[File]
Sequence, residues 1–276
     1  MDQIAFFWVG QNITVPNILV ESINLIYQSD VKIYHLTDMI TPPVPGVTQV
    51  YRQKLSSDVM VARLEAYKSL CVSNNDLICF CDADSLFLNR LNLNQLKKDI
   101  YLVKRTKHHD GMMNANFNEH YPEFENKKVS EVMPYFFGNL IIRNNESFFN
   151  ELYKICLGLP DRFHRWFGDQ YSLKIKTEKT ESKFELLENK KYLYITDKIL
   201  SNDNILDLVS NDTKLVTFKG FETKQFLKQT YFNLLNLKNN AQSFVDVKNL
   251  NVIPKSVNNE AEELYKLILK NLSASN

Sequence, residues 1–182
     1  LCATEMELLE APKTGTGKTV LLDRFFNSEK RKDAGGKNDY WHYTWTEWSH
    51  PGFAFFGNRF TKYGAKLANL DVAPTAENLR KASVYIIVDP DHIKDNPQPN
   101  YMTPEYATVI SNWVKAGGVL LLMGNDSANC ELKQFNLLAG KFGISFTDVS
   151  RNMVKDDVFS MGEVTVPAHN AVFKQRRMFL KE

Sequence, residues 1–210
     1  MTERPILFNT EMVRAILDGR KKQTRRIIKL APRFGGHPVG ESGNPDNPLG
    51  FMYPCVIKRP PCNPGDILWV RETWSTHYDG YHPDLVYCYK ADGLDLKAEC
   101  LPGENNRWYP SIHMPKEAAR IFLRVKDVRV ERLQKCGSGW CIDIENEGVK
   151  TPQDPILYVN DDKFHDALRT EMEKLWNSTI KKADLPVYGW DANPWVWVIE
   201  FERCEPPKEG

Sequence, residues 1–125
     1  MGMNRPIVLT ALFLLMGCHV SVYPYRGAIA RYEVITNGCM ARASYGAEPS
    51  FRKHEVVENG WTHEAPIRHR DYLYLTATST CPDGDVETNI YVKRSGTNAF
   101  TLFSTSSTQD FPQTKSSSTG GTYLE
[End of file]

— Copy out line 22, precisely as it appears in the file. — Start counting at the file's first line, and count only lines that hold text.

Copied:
   101  TLFSTSSTQD FPQTKSSSTG GTYLE